Dangers still associated with shopping in cyberspace

August 07, 1998|By Andrew J. Glass

WASHINGTON -- Consider some of the ways the Internet improves our lives.

Here's one: The other day, my son Sam walked into a library building at the University of Heidelberg, sat down at a German computer keyboard, accessed a Yale University e-mail account and exchanged dozens of messages with his college friends, who have scattered for the summer.

German rules

Although students are able to romp in cyberspace for free from Heidelberg, the librarians there insist that visitors check their gear at the door and pay what amounts to a $4 deposit to make sure it's picked up on departure. It's a question of security.

Here's another: A pair of huge, once-valued stereo amplifiers have sat in my attic for years. Recently, within hours of posting those goods on a World Wide Web hi-fi flea market site, I found a buyer in another state.

Since the express company collects the cash on delivering the package, selling the vintage amps to an utter stranger posed little risk to me. But what if that shipment held bricks instead of the advertised goods? Again, it's a matter of trust.

In theory, the Internet can offer users more convenient and flexible ways of exchanging data or buying and selling goods than traditional forms of trade or communication. But broadly felt distrust hampers electronic commerce from reaching its full potential.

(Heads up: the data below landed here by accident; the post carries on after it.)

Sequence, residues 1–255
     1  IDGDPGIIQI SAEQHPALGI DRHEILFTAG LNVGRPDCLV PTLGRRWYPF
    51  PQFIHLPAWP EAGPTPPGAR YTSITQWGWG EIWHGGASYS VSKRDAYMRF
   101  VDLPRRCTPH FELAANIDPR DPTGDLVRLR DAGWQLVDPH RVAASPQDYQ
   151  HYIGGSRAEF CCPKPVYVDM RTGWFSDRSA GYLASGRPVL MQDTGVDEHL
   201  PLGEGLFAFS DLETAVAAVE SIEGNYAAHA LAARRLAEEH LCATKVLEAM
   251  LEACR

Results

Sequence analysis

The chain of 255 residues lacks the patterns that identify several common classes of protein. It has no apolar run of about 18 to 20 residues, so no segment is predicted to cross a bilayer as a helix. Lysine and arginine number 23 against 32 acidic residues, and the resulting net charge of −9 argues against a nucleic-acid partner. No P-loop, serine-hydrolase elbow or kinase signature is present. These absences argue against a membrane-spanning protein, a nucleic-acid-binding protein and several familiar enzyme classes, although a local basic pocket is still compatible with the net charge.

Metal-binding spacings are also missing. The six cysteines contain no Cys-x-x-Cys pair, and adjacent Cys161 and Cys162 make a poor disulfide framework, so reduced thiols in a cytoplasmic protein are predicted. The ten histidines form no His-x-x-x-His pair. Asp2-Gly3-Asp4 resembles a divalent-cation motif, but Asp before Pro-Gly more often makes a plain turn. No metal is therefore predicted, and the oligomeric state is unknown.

As matters stand, it's a snap to upload a "contract" that, for instance, you've agreed to give me free phone service for the next six months. So, absent the safety provided by what insiders call trusted systems, it's understandable that not many of us feel VTC comfortable using e-mail to issue invoices, pay bills or write binding contracts.

What's more, each time a bug is found in Internet software, the confidence needed to create a true mass market is shaken anew.

It happened last month when researchers at Finland's Oulu University came across some fresh digital mischief. It permits e-mail that arrives along with an attached file -- in some situations -- to stall a computer, kill data or unleash a virus.

A software bug

While neither Microsoft nor Netscape had received customer complaints about the vulnerability of their e-mail "clients," both firms promptly moved to patch their exposed software. As is usually the case, the supposed dangers, but not the subsequent fixes, made news.

Foolproof Internet security requires users to implement such related concepts as access control, audit trails, authenticated identities, guaranteed privacy and validity checks that ensure data hasn't been corrupted during transmission or storage. Experts also see a need to bar people from disavowing transactions -- so the assertion that "I never placed that order" flies only if it's accurate.

Here's some good news: All these needs are now being tested in major computer labs. Some of them can already be fully implemented.

Nevertheless, bad vibes continue to float through cyberspace. And, unless human character changes in our digital future, for many people, these concerns are likely to persist.

Andrew J. Glass is a columnist for Cox Newspapers.

Pub Date: 8/07/98

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